How Parabolic Dish Antennas work?

It is shown, mathematically, how parabolic dish antennas work.

An electromagnetic ray parallel to the axis of the parabola (in this case the y axis) is incident on the inner surface of the parabola; see figure below.

how parabolic dish work?

Point M is the point at which the ray hits the parabolic dish. i is the angle made by the incident ray and the normal (in red) which is perpendicular to the tangent (in blue) to the parabola at point M(a,b). r is the angle made by the reflected ray and the normal. According to the laws of reflection, angles i and r are equal.

We will show that all reflected rays due to incident rays, at different positions, intercept the axis of the parabola y axis) at the same.

We first calculate the slope of the tangent m
t in order to obtain the slope of the normal mn.

The slope of the tangent is given by the value of the first derivative at point M(a,b).

For a given parabolic reflector (or dish), the equation of the parabola can be written as

y = x2 / 4f

where f is a constant.

see
Find The Focus of Parabolic Dish Antennas for more details.

The first derivative is given by

y' = x / 2f

The slope of the tangent at point M(a , b) is given by

mt = a / 2f

The slope of the tangent m
t and the slope of the normal mn at point M are related by

mt*mn = -1. Hence

mn = -2f / a

Let n be the angle made by the normal and the x axis.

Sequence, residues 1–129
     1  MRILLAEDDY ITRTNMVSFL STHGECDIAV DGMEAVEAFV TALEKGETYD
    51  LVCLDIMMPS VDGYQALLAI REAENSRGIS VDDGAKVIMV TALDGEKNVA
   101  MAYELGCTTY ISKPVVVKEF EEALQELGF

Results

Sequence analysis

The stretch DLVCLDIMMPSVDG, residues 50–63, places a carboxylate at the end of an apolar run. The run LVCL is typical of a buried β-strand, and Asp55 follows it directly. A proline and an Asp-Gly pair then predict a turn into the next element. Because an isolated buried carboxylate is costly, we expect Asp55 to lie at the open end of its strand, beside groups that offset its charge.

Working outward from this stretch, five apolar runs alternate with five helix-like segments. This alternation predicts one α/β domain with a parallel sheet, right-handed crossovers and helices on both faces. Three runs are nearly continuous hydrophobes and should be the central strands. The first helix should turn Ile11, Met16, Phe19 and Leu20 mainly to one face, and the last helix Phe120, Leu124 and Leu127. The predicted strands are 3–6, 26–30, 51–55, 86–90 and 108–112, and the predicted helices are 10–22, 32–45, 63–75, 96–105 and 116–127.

tan(n) = -2f / a (relationship between angles and slopes).

The angle made by the reflected ray and the x axis is equal to

n - r = n - i, since r = i

Let m
r be the slope of the reflected ray. Hence mr = tan(n - i).

also
i + n = 90 degrees.

Combine the last two to obtain

mr = tan(2*n - 90)

tan(2*n - 90) can be written as

tan(2*n - 90) = -cot(2*n)

= -1 / tan(2*n) = - (1-tan2 n)/(2*tan n)
.

Hence

mr = - (1-tan2 n)/(2*tan n)

Substitute
tan(n) = -2f / a into the above and simplify to obtain

mr = (a2 - 4f2) / 4(f*a)

Now that we have the slope of the reflected ray, let us find an equation for the line through point M(a , b) and with the same slope as the incident ray. In point slope form the equation is given by

y - b = mr (x - a)

The y intercept of the above line is given by

y-intercept = b - a*mr

Since point M is on the parabola,
b = a2 / 4f

Substitute b and m
r in the expression that gives the y-intercept to obtain

y-intercept = b - a*mr

= a2 / 4f - a*(a2 - 4f2) / 4(f*a)

= f.

The y intercept is equal to f which is constant for a given parabolic reflector (or dish). It does not depend on the position of the incident ray. Hence all the reflected rays passe by the same point (0 , f) called the focus and f is the focal distance. In practical situations a device is placed at the focus (0 , f) to collect all the incoming electromagnetic energy.

Note: We have used algebra, trigonometry, calculus, physics laws of reflection to explain how a parabolic refelctor work. This is a good example of how are mathematics applied in engineering and physics to solve real life problems.

Exercises:

Find the focus of each of the parabolas whose equations are given below

1) y = 4*x
2.

2) y = x
2 / 8.

3) y = 0.12*x
2.

More links and references parabolic reflectors


Tutorial on how to Find The Focus of Parabolic Dish Antennas.

Interactive tutorial on Parabolic Reflectors and Antennas work.

  • Dipole Antennas


  • Antenna Polarization


  • Antenna Arrays




  • Interactive tutorial on the Equation of a Parabola.

    Interactive tutorial on how to find the equation of a parabola.

    Define and Construct a Parabola.